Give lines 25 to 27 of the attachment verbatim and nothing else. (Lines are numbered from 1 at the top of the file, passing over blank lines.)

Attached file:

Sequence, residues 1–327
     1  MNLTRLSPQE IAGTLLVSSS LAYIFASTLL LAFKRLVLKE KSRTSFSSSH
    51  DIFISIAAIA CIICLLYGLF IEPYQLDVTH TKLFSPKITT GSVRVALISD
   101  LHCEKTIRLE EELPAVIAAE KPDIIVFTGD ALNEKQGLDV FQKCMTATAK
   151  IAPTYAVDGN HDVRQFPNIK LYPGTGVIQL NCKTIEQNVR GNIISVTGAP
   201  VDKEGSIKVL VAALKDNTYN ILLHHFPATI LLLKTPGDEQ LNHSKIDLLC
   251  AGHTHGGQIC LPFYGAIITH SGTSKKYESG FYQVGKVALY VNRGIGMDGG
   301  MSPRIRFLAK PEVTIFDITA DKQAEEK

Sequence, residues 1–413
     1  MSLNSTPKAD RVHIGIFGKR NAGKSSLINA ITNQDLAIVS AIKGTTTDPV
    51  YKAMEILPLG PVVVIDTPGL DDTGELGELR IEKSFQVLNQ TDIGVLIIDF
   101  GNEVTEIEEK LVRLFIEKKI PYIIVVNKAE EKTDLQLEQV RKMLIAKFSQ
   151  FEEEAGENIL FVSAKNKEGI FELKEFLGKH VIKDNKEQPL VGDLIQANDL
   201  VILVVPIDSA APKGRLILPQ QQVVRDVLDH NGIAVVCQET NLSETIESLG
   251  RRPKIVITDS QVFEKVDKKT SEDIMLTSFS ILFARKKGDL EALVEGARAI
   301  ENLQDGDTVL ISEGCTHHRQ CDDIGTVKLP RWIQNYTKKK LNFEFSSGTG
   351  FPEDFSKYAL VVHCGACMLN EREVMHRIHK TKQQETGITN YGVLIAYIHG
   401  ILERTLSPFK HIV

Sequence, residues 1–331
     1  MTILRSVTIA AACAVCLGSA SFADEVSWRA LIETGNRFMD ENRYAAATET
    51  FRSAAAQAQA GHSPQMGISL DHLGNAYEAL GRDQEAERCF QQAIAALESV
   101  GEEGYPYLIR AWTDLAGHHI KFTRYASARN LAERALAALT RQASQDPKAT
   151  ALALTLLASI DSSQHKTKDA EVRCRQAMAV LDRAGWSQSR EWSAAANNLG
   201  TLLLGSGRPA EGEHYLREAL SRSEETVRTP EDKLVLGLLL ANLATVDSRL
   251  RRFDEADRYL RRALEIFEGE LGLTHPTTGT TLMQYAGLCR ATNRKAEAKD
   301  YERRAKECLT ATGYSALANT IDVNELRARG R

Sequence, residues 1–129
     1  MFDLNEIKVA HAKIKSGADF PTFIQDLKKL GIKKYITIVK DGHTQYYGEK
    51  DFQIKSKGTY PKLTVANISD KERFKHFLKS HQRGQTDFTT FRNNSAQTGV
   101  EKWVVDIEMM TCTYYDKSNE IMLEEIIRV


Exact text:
   251  RRFDEADRYL RRALEIFEGE LGLTHPTTGT TLMQYAGLCR ATNRKAEAKD
   301  YERRAKECLT ATGYSALANT IDVNELRARG R

Sequence, residues 1–129